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A groundbreaking new report by the Urban Land Institute in Washington, D.C. explores sustainability in the hospitality industry and examines ways in which hotels are incorporating eco-friendly best practices into both operations and construction. The study includes insights from leading hotel owners, developers and investors.

Every hotel owner wants to know how he can increase the traffic to the website, and at the same time, boost direct bookings. The key to accomplish both the objectives is to design a site that is accessible even to disabled people. It will not only improve the usability for all types of visitors, but it will also improve your market penetration. Designing ADA website is also very imperative to prevent legitimate complications. In addition to this, an ADA feature will aid in improving the website performance in search engines.

The underappreciated city of Minneapolis served as host for the 2019 edition of HITEC (produced by HFTP) which wrapped up its most recent four-day run on June 20, 2019. In the days and weeks leading up to the event, meeting solicitations and party invites filled my inbox at a growth rate any VC or entrepreneur would envy. As a first-timer to this international hospitality technology behemoth, it became apparent that HITEC actually begins a few weeks prior to when that first request or invitation lands in your over-stuffed inbox.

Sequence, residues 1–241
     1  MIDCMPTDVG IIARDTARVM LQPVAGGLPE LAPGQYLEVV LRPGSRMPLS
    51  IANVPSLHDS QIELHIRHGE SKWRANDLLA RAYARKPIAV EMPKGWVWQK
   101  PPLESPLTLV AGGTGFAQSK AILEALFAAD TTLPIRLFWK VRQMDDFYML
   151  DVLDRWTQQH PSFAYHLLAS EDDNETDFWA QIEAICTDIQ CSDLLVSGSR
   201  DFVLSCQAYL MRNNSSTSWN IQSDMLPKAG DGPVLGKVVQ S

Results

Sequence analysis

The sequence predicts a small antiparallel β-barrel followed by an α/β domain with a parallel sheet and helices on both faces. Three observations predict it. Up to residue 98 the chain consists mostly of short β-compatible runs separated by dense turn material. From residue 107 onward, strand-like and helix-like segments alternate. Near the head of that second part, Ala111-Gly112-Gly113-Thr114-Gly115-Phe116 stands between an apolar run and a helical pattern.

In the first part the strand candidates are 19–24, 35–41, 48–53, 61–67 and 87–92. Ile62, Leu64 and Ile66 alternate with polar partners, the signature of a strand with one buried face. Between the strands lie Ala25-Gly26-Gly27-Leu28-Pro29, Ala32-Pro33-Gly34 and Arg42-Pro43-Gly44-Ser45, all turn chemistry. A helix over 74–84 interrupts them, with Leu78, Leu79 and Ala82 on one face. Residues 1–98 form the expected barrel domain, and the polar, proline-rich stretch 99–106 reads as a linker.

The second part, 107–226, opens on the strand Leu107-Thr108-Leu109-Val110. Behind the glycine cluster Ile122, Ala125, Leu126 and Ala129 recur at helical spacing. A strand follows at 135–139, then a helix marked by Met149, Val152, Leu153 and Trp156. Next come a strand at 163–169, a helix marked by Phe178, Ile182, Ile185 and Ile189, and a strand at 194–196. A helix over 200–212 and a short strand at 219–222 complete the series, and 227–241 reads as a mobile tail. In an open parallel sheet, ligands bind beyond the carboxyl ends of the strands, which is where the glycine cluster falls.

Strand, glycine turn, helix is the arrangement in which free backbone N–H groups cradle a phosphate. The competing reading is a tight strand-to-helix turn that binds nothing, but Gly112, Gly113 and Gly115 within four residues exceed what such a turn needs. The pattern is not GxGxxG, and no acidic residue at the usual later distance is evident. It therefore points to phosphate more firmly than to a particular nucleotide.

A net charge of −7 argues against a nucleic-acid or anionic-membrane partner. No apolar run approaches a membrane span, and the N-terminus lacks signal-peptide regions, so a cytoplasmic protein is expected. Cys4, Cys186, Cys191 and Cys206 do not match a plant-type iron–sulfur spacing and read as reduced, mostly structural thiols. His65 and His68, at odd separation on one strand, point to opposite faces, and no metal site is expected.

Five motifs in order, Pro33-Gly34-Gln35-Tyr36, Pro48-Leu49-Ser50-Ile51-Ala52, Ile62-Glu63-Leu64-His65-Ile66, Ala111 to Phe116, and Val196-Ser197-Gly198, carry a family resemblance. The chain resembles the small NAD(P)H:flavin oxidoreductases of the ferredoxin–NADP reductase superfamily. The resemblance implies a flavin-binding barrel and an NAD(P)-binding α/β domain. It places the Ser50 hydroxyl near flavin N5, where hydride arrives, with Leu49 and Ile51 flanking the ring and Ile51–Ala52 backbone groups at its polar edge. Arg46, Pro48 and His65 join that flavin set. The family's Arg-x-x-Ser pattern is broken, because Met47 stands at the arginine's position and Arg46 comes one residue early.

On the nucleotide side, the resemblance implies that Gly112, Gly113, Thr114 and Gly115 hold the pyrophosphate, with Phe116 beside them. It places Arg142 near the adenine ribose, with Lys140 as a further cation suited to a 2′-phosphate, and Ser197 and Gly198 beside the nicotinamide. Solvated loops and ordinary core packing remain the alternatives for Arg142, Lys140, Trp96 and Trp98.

Time is limited. Once it’s gone, you can’t gain it back. Similarly, once a room goes unsold for a night, it will go unsold forever. There’s no way to recover that loss, because there’s no way to go back in time.
 
Many hotels fight this limitation by trying to sell as many rooms as possible. If all the rooms are completely booked, time no longer becomes a factor. But most don’t have the luxury of being at-capacity every single night. That’s why last-minute booking apps are growing in popularity in the industry, where hotels can make the most of each day. These apps specifically target guests who don’t plan far in advance, seeking accommodations from one week to one minute later.
 
There are several different ways your hotel can benefit from using last-minute booking apps in your business strategy.

IoT is Coming, Jon Snow…
Posted: 05/21/2019